Christianity 201

September 13, 2010

Some Monday Thoughts on Sabbath Rest

This is from Stanley Groothof who blogs from British Columbia (BC) Canada at the blog, The 4th Point.   It was written mid-July…

My family recently returned home from a sunny, week-long vacation at Lakelse Lake Provincial Park near Terrace BC. Once again I experienced how resting can be hard work.  It does not come naturally to me.  I might step out of the office and leave the building, but I’ll still take my work with me in my mind – thinking over sermons, wondering about particular people, planning meetings and ministries.  My body might be out of town, but sometimes it takes two or three days before my brain begins its vacation.  And often a day or two before our scheduled return, my brain already begins thinking it’s back in the office.  Just because we say we’re resting or just because it looks like we’re resting, it doesn’t necessarily mean that we are!

Taking a break is not easy.  It means letting go, and I have a hard time doing that.  I want to stay involved (read: I don’t want to be out of the loop and/or not in control).  I want to be continually productive (read: I don’t want to disappoint people who might get the impression I’m lazy).

Nevertheless God tells me and you to take a break, to engage in Sabbath rest.  In His mercy, He does not want to watch us burn out, even if it’s by doing good and worthwhile things.  Our physical and emotional health is important to God.

But I think even more importantly, in telling me to rest, God is inviting me to trust.  He reminds me that the world will not spin off its axis if I take a break.  In her book Keeping the Sabbath Wholly, Marva Dawn speaks of God’s Sabbath invitation to rely on Him, to “let God be God in our lives” (p. 29).  Sabbath rest teaches me to recognize when and where I am trying too hard on my own to secure my future without trusting God or sensing His presence.  Rest keeps things in perspective.

I like Mark Buchanan’s double definition of Sabbath.  In The Rest of God, he has the familiar definition that it is a day, typically Sunday in the Protestant tradition.  But he also defines Sabbath as an attitude:

A Sabbath heart is restful even in the midst of unrest and upheaval.  It is attentive to the presence of God and others even in the welter of much coming and going, rising and falling.  It is still and knows God even when mountains fall into the sea.

You will never enter the Sabbath day without a Sabbath heart. (p. 4)

It doesn’t come naturally (spiritual disciplines typically don’t), but part of trusting God means resting, observing Sabbath – Sabbath moments, Sabbath days, Sabbath seasons.  It lets God be God.  And it helps me be better at being the me God wants me to be.

…Read more about sabbath:  Our graphic (above) is from an article on this subject at Sweet Tea Theology.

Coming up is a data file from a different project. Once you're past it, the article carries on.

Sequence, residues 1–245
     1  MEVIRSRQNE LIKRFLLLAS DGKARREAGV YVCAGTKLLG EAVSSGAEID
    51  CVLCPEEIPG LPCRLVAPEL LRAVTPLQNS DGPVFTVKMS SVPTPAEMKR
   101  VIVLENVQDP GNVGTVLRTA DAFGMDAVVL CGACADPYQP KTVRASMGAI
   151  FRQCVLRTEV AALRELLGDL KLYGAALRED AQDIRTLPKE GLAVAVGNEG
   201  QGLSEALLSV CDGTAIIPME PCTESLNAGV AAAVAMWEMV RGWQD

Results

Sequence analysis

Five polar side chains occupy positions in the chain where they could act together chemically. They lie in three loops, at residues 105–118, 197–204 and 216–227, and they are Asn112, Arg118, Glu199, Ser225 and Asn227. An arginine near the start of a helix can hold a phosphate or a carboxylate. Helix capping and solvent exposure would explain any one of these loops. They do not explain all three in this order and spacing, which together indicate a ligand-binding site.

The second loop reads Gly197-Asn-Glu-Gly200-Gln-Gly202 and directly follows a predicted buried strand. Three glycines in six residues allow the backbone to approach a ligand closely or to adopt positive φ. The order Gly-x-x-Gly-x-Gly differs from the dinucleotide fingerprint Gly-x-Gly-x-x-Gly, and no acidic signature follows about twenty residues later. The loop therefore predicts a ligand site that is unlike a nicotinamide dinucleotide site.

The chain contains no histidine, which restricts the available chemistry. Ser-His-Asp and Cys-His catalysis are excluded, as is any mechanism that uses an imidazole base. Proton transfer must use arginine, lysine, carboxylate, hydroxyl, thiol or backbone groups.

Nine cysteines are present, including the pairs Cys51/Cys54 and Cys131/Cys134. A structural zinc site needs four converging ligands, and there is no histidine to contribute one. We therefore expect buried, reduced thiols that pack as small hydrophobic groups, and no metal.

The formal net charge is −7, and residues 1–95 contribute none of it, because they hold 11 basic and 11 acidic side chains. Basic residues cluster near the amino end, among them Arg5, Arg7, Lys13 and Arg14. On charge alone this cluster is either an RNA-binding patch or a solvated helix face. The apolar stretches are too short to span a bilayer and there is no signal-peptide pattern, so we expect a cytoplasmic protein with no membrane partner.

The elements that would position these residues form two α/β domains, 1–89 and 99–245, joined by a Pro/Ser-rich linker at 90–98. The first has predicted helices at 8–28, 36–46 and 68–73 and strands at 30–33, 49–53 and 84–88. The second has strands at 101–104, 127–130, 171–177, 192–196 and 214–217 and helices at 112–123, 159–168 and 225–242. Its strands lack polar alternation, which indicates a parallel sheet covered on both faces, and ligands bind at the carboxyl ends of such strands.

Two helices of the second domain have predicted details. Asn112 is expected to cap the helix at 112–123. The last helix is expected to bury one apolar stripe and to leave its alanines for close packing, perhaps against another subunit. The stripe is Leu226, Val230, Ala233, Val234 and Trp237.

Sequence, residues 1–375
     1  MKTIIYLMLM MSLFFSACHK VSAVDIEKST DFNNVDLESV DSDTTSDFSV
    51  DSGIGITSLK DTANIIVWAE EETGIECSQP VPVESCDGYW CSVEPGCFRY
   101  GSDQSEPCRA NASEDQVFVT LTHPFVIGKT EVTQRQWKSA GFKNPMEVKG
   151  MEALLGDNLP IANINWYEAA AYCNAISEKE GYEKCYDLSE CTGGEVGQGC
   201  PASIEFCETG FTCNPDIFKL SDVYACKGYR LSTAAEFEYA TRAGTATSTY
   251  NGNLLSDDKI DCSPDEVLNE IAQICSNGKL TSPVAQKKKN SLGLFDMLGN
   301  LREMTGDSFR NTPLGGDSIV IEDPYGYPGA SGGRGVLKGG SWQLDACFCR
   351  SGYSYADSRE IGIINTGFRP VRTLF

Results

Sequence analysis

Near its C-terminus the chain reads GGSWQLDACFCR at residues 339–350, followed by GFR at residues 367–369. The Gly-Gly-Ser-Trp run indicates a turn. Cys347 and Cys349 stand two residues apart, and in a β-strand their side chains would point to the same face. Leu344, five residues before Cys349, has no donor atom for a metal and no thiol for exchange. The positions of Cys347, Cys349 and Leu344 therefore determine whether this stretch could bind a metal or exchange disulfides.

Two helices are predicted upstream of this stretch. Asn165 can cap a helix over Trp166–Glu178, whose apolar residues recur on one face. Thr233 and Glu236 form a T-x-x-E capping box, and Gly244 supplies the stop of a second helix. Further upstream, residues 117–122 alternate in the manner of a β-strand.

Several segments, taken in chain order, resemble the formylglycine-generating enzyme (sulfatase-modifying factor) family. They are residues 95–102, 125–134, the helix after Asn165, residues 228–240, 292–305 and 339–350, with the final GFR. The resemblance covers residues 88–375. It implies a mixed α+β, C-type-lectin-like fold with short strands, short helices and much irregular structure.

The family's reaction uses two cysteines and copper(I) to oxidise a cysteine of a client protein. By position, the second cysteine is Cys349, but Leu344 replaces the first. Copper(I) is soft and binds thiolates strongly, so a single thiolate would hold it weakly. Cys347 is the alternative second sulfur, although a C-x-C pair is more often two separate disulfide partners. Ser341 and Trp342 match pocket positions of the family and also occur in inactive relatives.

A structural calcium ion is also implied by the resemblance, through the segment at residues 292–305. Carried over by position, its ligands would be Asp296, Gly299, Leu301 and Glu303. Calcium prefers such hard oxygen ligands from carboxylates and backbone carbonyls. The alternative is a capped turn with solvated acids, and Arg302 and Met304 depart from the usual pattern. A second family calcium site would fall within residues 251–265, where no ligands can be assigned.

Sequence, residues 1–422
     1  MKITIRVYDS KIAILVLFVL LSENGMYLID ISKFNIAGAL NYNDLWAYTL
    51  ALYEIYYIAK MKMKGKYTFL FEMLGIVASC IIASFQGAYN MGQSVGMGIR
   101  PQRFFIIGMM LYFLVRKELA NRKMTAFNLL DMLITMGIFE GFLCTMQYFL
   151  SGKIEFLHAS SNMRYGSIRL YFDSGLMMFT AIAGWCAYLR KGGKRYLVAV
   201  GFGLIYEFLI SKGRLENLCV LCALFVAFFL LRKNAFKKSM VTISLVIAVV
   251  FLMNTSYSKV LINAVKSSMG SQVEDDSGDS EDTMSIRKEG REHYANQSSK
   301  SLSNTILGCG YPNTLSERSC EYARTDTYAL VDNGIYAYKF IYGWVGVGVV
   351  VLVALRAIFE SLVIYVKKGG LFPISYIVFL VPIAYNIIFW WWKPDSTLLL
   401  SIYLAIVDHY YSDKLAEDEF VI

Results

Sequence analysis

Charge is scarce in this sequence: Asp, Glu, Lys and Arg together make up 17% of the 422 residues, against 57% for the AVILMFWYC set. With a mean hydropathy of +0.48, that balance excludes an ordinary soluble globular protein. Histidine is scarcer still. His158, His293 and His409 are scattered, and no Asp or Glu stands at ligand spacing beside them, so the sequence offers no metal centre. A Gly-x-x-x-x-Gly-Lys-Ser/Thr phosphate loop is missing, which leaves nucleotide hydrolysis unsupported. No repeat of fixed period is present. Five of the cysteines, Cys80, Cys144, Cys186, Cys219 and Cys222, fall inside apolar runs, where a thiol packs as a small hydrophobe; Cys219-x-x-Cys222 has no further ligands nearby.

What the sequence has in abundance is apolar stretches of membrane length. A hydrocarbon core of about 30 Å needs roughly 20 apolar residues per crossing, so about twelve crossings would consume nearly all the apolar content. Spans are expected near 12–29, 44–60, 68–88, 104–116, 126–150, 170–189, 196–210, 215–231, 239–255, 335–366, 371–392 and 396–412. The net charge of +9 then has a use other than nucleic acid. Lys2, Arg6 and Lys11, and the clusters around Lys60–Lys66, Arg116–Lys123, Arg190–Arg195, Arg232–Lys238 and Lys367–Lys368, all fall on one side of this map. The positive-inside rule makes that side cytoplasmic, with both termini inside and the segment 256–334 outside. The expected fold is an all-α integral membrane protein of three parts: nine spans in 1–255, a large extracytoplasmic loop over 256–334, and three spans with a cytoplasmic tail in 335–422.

1. Thanks for re-posting this, Paul! I’m glad it blessed you. Stanley

    Comment by SjG — September 13, 2010 @ 6:49 pm | Reply

  2. How true it is. We cannot rest, because we refuse to rest until all the “i”s are dotted and the “t”s are crossed. We fear the messiness of a life without an organizer, even for one single day.
    Last night, during Monday night football, I saw an advertisement that speaks to this issue. It was about working the weekend. In our “do more with less” culture, the more is the work and the less is the people, and way too many people do work the weekend, and the nights, and the holidays, with no rest at all in sight. It is supposed to be somehow morally superior to be completely consumed by fruitful activity, and multi-tasking is an expectation we don’t hesitate to lay on children as well as adults.
    I remember applying for a job in technology for which my application was rejected. My skills were more than adequate for the job. In fact, I had skills that overlapped skills for two other jobs in the department, and that was the problem. Those other two employees had not had a vacation in three years, because each was saddled with 24/7 responsibilities, and neither had anyone to relieve her. I had the skills to relieve both of them, and both of them had skills to relieve me. During my interview, I was asked what unique quality I could bring to the organization, and I said that I was prepared to plan and execute a scheduling option that gave each of us every third weekend off, utilizing our abilities to relieve each other. I was rejected from consideration, because I lacked a passion for the work. Clearly the idea of planning for rest was anathema.
    It points up the challenge of observing anything like Sabbath in our society. Planning for a time of rest and refreshment ought not to be viewed as a moral deficiency.

    Comment by Katherine Harms — September 14, 2010 @ 8:14 am | Reply

  3. Thank you for pinging my blog, and thank you for allowing me to share your beautiful artwork.

    Comment by Karen — September 14, 2010 @ 1:35 pm | Reply

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